Subway Value Chain Analysis

Topics: Fast food, Subway, Marketing Pages: 5 (1085 words) Published: September 3, 2012
Subway-Porter Value Chain

SUBWAY was started 47 years ago in the year of 1965 by Fred Deluca. Subway is the market leader in the sub and sandwich shops offering a healthier alternative to traditional fast foods. Subway’s annual sales exceeded $ 6.3 billion, while countless awards and accolades have been bestowed its chain over the past 47 years. Subway has more than 33,500 units worldwide whilst its rapid growth has attracted many investments and brought it many competitors such as KFC and Burger king . Recent increase in the health conscious customers increased the share of subway in the market. Subway is the largest chain of fast food restaurants in the world, which has around 1200 restaurants more than Mcdonald’s. The Subway concept of serving fresh made sandwiches on fresh baked bread, made right in front of customers, the way they like it has proven to be a winning marketing strategy in. Subways are famous for their high level of response to their customers. This special quality earned a lot of loyal customers to the enterprise. They have also become popular with health conscious customers in Europe who are searching for higher quality fast food options. Subway’s low initial investment and ability to fit into unusual spaces are other reasons for their success. Without the need for heavy equipments for cooking a Subway restaurant is the perfect business for the small spaces and tight real estate of Metropolitan cities. Their regional office makes the franchise start –process simple and easy. Europe is currently wide open for development. As their brand awareness is rapidly growing, more and more people are becoming aware of Subway as a great tasting lunch option and also as a great way to start their own business within their community. Now let us study about the value chain in subway using Porter model. Porter’s model consists of 2 elements basically. They are 1. Primary elements, 2. Secondary elements. The primary elements of Porter Value Chain model are

* Inbound logistics
* Operations
* Outbound logistics
* Marketing and sales
* Service

The secondary elements are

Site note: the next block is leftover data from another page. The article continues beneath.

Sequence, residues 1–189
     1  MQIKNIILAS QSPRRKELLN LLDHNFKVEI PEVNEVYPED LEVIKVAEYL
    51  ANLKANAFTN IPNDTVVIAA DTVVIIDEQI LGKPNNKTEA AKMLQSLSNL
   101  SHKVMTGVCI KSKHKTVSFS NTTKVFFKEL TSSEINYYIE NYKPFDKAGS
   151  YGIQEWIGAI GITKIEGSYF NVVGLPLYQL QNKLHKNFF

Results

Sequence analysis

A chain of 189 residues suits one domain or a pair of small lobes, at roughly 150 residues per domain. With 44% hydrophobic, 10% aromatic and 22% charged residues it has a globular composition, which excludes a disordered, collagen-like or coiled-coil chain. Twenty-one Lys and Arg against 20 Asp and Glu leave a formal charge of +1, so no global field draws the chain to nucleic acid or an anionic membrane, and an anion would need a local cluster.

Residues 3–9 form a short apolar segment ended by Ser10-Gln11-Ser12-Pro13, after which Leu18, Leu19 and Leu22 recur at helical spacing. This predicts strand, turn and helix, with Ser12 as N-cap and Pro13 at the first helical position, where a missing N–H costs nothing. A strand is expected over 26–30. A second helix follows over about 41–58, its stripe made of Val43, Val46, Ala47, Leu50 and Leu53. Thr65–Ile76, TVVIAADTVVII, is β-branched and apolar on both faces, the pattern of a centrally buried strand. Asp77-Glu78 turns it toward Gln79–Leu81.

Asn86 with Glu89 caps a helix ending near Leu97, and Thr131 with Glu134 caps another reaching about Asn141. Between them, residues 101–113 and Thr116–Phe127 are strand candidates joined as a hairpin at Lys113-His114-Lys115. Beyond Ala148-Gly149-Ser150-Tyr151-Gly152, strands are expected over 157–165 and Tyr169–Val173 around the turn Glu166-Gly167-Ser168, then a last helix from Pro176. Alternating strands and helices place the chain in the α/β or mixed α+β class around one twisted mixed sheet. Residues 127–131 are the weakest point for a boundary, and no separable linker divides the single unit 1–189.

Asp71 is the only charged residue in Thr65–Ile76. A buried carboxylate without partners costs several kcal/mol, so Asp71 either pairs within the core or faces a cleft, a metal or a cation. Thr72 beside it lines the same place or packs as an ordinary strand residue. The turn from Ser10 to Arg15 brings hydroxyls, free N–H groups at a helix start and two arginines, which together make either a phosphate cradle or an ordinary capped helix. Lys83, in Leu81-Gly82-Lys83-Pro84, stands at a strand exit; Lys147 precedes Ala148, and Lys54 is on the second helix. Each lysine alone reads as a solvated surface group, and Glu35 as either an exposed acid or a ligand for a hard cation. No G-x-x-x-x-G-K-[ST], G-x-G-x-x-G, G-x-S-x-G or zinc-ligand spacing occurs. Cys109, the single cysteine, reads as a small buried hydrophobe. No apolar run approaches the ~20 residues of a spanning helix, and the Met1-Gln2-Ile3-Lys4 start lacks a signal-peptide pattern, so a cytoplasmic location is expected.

* Human resource management
* Firm infrastructure
* Procurement
* Technological development

This is how the Porter’s Supply Chain Model looks like:

Now let us try to understand Subway in terms of Porter Value Chain model. a. Inbound logistics:
* Vendors for vegetables are generally whole sellers, who in turn buy vegetables from farmers. * These vendors have a long term contract with the company. * After first few trades, they learn what size and quality of goods are taken away by Subway. * Sauces were provided by third party vendor, with a long term contract. * Purchasing is done centrally in Subways.

* Transportation of raw materials is done by the vendors itself. * Each subway is provided with three bykes for catering.
b. Operations:
* Since subways are fast food chain restaurants, the operations(which turn inputs into outputs) include making of subs, and heating them in the oven(if required). * All these operations are human made and are made in the presence of customers. * Some of its operations include veg-subs, traditional, salads etc., c. Outbound logistics:

* Subways does not have much of outbound logistics as much of its products are made in the presence of customer. * But, in some subways, some of its products are freezed and imported. * Subways also offer soft drinks and water bottles for the customers, so there is a need for space to store these soft drinks(refrigerators).

d. Marketing and sales:
There are various factors which influence success of fast food franchisees, some of them are healthier menu selections, brand consistency, low start up costs, franchisee support, consumer convenience etc,. Subway represents a poignant example of a fast food franchisee

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